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Wife needs to contribute to income

Posted: September 4, 2012 5:21 p.m.
Updated: September 5, 2012 5:00 a.m.

Dear Annie: Six months ago, I married a lovely young woman. While we were engaged, "Nina" and I had several candid discussions about finances, figuring that once we married, she would look for a job and we would split the household expenses evenly. Her parents were very generous and gave us a nice amount of money at the wedding in order to help smooth the transition until she found a job.

Well, a few months after we married, Nina stopped looking for work. She suffers from chronic depression, and it got so bad that she refused to apply for a job, convinced that no one would hire her. She also refused to get counseling, saying she couldn’t afford it, even though both her father and I offered to pay for it.

I have worked my best to keep a roof over our heads and have even taken out loans in order to pay our bills, but I’m now $1,000 in debt. Recently, Nina’s father gave her a large sum of money. I asked if she would use a small amount to pay one of our outstanding bills. She refused, saying that this was her money and she could spend it on whatever she wanted. Over the next week, that turned out to be fast food and cigarettes.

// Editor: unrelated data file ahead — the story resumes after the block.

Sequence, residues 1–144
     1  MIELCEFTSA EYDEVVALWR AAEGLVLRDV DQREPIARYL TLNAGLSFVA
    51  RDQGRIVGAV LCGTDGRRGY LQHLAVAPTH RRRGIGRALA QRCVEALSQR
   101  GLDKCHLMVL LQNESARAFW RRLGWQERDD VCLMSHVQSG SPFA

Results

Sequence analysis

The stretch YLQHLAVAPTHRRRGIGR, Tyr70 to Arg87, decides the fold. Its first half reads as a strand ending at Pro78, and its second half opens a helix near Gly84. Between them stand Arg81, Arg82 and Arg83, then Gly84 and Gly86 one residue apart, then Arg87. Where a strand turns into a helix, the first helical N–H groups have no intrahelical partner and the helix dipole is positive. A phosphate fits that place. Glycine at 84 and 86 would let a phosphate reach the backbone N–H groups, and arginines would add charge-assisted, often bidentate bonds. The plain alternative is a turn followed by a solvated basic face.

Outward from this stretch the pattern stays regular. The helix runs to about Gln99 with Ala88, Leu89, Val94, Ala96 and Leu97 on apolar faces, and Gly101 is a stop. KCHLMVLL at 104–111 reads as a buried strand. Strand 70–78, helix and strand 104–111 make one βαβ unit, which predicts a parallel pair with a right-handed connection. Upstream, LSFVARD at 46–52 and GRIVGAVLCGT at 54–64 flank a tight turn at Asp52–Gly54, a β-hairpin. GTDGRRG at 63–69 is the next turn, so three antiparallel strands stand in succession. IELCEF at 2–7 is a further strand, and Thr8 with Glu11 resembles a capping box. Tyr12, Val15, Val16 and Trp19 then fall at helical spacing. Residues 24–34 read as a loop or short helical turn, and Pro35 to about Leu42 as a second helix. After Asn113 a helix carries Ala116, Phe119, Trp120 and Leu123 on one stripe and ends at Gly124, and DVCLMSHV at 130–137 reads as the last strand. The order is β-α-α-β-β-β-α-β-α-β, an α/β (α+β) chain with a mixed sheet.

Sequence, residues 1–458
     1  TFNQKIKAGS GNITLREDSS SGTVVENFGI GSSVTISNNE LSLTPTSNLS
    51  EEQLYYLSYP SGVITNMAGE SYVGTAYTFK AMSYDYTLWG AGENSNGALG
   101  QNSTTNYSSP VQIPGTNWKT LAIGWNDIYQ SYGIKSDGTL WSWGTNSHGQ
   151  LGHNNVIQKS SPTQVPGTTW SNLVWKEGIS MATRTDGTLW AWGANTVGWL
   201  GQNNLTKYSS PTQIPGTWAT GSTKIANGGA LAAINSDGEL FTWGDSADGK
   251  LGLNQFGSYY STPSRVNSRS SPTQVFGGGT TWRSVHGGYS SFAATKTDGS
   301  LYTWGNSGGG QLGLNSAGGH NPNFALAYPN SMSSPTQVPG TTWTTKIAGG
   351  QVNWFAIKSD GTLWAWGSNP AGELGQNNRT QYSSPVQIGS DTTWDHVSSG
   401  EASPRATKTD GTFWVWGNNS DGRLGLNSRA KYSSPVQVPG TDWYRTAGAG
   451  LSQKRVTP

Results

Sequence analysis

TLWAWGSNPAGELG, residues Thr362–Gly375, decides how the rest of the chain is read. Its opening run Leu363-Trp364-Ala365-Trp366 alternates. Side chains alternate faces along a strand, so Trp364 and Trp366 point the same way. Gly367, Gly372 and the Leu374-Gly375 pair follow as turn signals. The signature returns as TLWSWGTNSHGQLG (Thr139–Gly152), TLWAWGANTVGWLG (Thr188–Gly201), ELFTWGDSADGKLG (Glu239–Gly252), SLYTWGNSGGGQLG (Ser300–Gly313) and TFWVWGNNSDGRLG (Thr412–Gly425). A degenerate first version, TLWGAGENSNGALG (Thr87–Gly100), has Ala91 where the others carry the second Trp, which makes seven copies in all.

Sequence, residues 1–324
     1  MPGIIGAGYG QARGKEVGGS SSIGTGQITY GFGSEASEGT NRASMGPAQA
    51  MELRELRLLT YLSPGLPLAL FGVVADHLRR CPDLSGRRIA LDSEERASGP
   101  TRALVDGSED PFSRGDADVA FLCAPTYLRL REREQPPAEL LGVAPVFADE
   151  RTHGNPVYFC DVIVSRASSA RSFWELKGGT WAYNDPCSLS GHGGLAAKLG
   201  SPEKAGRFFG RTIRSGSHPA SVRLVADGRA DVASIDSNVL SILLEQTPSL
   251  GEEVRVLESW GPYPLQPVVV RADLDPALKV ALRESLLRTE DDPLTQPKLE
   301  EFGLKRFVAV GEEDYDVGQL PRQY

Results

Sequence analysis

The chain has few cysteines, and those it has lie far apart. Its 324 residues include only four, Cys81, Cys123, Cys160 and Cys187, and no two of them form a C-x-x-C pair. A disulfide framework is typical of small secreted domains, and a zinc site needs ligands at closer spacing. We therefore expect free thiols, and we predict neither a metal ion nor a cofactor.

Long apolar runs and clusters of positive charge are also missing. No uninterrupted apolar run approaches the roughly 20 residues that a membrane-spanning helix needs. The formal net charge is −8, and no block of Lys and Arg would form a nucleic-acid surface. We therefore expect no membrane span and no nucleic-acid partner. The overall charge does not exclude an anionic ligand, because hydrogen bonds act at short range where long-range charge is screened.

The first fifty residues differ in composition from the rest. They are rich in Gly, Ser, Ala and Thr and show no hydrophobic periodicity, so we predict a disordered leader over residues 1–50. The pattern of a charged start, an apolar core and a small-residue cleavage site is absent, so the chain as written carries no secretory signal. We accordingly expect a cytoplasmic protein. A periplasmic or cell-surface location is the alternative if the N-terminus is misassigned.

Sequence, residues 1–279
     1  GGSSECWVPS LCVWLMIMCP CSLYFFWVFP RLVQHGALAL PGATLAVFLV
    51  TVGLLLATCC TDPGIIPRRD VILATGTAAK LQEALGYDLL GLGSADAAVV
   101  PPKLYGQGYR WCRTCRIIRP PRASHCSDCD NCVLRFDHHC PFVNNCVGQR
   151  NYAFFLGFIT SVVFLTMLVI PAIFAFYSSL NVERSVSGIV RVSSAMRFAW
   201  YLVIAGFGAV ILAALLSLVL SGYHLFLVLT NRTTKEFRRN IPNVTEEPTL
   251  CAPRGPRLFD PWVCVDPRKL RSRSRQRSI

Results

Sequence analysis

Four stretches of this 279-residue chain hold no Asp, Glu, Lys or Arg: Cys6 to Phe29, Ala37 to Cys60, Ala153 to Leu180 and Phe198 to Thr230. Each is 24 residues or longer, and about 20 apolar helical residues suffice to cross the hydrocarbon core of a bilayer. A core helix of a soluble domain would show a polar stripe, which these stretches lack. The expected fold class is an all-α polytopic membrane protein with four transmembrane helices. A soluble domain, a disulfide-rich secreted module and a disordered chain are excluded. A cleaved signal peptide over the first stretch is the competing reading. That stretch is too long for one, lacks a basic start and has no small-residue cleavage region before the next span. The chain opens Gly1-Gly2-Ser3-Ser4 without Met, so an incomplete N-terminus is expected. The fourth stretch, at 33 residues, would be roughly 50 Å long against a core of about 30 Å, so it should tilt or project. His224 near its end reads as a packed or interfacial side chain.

Annie, was I unreasonable to ask for her financial help? -- New York

Dear New York:

Dear Annie:

1. Do not ask whether the pregnancy was planned. It is absolutely no one’s business.

2. Hands off the belly. This is her personal space and should be respected. If you feel compelled to touch that elusive kick, always ask first -- and don’t be insulted when she says no.

3. Please don’t make comments that could be interpreted as "you’re fat." My boss asked whether I was having twins because I was so big. Another person asked if I was due before Christmas when my due date was mid-March.

4. Please don’t share unsolicited horror stories of labor and delivery. Expectant moms don't need more to worry about.

Also, while I feel genuine sympathy for those who have experienced a miscarriage, hearing these stories only induces anxiety in the mom-to-be, which isn’t good for her health or the baby’s.

Thanks for giving me the opportunity to vent. -- Sharing the News in Pa.

Dear Sharing:

You’re very welcome. And congratulations on your upcoming blessed event.
I am pregnant with my third child. Prior experience compels me to send my list of things you should never do or say to a pregnant woman:
Of course not. Nina apparently does not consider herself to be in a partnership. She thinks you should support her. And it’s possible that Nina combats her depression by spending money, eating and smoking. Nonetheless, this is not a tenable solution. She should not use her depression as an excuse to refuse help. We urge you to get counseling on your own and also contact NAMI (nami.org).

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